The U.S. Environmental Protection Agency (EPA) has penalized DuPont $3.3 million for violating part of the Toxic Substances Control Act (TSCA) which requires companies to inform EPA of research demonstrating that a chemical could pose a substantial risk to human health and the environment. TSCA allows EPA to limit potential hazards associated with manufacturing, use, and disposal of chemicals.
Here's a recap of the big news and some clarification: how serious is this and what does it mean for the future?
EPA is clearly trying to get a message out to say the agency is serious about chemical regulatory compliance. DuPont is an easy target - not because they're more lax than most perhaps but because they're bigger than most. Time will tell if the enforcement or the deterrent trickles down.
DuPont, a chemical manufacturer based in Wilmington, DE, provides products and services for markets including agriculture, nutrition, electronics, communications, safety and protection, home and construction, transportation, and apparel.
As the Washington Post reported:
[the measure is] to hold DuPont accountable for not turning over evidence to the government from as far back as 1981 about the substance also known as PFOA. That evidence documented that the compound -- which is used to produce nonstick and stain-resistant materials -- could be transferred from a woman to her baby via the placenta. Other studies showed rats dying after inhaling the chemical.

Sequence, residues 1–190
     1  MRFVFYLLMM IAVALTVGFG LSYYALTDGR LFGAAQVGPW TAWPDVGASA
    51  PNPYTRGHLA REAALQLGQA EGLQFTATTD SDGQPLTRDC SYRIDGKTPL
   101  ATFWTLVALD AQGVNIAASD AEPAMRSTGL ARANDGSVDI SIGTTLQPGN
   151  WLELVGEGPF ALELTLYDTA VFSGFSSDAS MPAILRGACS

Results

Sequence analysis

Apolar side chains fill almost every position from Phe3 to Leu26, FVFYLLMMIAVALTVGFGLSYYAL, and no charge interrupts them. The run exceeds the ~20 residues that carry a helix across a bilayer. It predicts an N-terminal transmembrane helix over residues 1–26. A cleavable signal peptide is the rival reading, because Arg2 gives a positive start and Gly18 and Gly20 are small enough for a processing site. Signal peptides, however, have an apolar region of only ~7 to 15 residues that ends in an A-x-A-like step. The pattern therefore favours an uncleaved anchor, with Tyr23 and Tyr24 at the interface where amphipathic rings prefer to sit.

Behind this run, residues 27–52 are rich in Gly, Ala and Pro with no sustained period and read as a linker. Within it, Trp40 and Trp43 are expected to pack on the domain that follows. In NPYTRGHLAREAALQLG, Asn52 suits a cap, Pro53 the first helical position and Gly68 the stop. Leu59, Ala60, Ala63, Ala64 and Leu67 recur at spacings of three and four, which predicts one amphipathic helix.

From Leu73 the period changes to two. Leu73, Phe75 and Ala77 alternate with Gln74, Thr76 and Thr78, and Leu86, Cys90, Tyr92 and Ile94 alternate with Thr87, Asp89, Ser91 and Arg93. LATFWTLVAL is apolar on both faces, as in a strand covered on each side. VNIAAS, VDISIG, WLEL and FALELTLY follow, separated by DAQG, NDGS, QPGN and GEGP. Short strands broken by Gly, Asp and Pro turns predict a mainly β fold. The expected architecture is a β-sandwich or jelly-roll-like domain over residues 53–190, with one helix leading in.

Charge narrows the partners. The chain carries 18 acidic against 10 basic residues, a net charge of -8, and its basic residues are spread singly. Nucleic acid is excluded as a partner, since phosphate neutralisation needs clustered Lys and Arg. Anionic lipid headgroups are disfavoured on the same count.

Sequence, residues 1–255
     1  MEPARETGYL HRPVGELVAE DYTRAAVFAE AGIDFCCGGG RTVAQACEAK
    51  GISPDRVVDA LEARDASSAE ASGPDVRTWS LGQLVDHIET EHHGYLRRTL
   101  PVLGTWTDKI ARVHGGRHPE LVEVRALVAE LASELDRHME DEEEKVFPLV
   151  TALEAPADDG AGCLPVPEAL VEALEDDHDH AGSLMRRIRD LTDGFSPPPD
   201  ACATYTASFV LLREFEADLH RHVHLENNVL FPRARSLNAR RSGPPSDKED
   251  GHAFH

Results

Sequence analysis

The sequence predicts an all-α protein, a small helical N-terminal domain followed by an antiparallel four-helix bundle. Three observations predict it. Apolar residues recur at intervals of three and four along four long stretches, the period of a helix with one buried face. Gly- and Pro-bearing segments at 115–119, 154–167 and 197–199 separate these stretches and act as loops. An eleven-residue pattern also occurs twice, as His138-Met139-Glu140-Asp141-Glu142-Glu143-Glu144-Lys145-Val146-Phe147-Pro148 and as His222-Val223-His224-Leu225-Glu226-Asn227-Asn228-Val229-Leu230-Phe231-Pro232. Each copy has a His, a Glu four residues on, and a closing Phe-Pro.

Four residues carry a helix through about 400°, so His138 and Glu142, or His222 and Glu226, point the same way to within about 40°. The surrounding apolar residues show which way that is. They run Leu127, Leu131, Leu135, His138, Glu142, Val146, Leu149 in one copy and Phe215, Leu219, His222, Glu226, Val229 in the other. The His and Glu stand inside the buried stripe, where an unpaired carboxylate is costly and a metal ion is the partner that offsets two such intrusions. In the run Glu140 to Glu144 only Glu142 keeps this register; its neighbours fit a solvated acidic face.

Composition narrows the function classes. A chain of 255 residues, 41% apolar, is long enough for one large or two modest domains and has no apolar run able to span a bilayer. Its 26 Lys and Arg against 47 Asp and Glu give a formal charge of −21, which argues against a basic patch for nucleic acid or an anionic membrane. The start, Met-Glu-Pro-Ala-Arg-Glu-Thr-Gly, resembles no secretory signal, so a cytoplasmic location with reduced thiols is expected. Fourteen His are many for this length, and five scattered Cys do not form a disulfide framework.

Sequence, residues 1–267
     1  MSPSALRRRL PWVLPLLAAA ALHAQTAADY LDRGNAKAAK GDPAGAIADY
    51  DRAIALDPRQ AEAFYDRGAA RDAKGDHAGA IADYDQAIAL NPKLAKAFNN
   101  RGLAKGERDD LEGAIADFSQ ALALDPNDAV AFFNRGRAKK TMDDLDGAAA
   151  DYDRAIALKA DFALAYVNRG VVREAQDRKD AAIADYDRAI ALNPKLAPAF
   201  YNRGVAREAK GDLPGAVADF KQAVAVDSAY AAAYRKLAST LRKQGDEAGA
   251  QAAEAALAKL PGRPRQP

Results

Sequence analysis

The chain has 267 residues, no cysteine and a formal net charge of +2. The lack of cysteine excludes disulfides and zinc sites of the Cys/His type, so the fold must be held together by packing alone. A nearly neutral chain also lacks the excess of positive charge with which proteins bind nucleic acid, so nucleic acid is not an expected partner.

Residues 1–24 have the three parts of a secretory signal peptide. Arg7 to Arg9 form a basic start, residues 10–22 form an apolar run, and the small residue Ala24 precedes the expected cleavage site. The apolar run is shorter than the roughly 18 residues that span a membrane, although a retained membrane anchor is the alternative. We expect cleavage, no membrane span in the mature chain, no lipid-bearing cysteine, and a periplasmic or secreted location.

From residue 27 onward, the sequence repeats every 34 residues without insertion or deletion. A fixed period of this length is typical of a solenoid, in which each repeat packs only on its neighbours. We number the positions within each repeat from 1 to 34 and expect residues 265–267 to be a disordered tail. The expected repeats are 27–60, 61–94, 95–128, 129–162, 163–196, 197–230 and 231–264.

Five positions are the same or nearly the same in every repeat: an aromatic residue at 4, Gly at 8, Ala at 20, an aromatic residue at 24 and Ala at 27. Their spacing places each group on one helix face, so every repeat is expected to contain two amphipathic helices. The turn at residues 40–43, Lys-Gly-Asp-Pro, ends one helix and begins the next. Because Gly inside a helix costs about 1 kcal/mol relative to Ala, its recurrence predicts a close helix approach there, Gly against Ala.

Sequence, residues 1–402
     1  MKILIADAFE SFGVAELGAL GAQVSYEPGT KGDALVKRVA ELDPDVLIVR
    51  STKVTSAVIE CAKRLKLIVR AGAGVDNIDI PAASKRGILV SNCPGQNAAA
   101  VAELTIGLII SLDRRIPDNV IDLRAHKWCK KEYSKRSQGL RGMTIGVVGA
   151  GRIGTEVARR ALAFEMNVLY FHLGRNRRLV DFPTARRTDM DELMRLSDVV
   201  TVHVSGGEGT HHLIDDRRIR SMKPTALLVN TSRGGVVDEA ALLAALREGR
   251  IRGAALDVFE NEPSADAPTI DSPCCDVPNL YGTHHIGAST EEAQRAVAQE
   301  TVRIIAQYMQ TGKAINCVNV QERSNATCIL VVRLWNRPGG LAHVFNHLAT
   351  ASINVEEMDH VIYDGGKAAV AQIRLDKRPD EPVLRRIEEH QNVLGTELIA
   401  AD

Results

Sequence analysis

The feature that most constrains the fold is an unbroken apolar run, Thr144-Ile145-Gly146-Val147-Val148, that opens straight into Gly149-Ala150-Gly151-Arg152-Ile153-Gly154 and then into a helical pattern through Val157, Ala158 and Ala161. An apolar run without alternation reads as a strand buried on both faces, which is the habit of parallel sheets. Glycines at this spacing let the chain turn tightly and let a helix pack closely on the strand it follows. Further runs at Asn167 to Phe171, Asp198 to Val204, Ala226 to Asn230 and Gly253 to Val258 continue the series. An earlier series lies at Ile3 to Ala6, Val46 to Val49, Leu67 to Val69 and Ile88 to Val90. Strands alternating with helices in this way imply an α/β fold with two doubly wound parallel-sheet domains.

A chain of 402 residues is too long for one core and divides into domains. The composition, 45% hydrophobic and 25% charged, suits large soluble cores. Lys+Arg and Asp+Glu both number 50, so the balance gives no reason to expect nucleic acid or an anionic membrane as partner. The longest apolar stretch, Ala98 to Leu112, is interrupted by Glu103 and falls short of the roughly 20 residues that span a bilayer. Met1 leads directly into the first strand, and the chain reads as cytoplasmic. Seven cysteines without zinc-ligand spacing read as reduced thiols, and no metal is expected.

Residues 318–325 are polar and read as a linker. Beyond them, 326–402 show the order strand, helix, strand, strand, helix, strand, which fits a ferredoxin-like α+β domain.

In May, 2006, DuPont admitted that it failed to submit inhalation chemical toxicity studies performed on rats, as required by TSCA Section 8(e), which states “Any person who manufactures, [imports,] processes, or distributes in commerce a chemical substance or mixture and who obtains information which reasonably supports the conclusion that such substance or mixture presents a substantial risk of injury to health or the environment shall immediately inform the [EPA] Administrator of such information unless such person has actual knowledge that the Administrator has been adequately informed of such information.”
“DuPont failed to comply with the law and notify EPA that it had information on chemicals that could pose a risk to human health and the environment,” said Cynthia Giles, assistant administrator for the Office of Enforcement and Compliance Assurance.
After submitting the inhalation chemical toxicity studies in July, 2006, EPA determined that 57 of the studies contained information that is subject to TSCA Section 8(e) because of risk of injury to health or the environment.